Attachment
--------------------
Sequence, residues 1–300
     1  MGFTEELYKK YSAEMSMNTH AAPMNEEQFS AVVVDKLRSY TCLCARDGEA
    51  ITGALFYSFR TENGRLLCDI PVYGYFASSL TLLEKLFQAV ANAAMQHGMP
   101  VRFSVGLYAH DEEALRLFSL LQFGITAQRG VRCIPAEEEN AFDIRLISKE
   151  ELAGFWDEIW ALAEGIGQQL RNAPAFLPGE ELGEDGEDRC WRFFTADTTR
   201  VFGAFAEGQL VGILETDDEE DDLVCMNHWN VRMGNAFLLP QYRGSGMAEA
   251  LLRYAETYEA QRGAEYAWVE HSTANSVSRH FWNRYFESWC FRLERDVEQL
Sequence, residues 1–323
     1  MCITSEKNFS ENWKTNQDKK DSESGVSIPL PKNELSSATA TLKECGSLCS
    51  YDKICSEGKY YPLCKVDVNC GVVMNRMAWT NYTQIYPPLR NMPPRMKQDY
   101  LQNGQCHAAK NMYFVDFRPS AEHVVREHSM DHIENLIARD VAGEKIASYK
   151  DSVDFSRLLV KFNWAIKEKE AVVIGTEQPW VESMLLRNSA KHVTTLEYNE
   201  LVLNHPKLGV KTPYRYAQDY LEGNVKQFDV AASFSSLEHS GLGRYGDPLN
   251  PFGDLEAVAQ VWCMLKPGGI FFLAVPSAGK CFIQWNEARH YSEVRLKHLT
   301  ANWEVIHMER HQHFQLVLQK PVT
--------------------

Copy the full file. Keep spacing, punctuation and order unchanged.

Sequence, residues 1–300
     1  MGFTEELYKK YSAEMSMNTH AAPMNEEQFS AVVVDKLRSY TCLCARDGEA
    51  ITGALFYSFR TENGRLLCDI PVYGYFASSL TLLEKLFQAV ANAAMQHGMP
   101  VRFSVGLYAH DEEALRLFSL LQFGITAQRG VRCIPAEEEN AFDIRLISKE
   151  ELAGFWDEIW ALAEGIGQQL RNAPAFLPGE ELGEDGEDRC WRFFTADTTR
   201  VFGAFAEGQL VGILETDDEE DDLVCMNHWN VRMGNAFLLP QYRGSGMAEA
   251  LLRYAETYEA QRGAEYAWVE HSTANSVSRH FWNRYFESWC FRLERDVEQL
Sequence, residues 1–323
     1  MCITSEKNFS ENWKTNQDKK DSESGVSIPL PKNELSSATA TLKECGSLCS
    51  YDKICSEGKY YPLCKVDVNC GVVMNRMAWT NYTQIYPPLR NMPPRMKQDY
   101  LQNGQCHAAK NMYFVDFRPS AEHVVREHSM DHIENLIARD VAGEKIASYK
   151  DSVDFSRLLV KFNWAIKEKE AVVIGTEQPW VESMLLRNSA KHVTTLEYNE
   201  LVLNHPKLGV KTPYRYAQDY LEGNVKQFDV AASFSSLEHS GLGRYGDPLN
   251  PFGDLEAVAQ VWCMLKPGGI FFLAVPSAGK CFIQWNEARH YSEVRLKHLT
   301  ANWEVIHMER HQHFQLVLQK PVT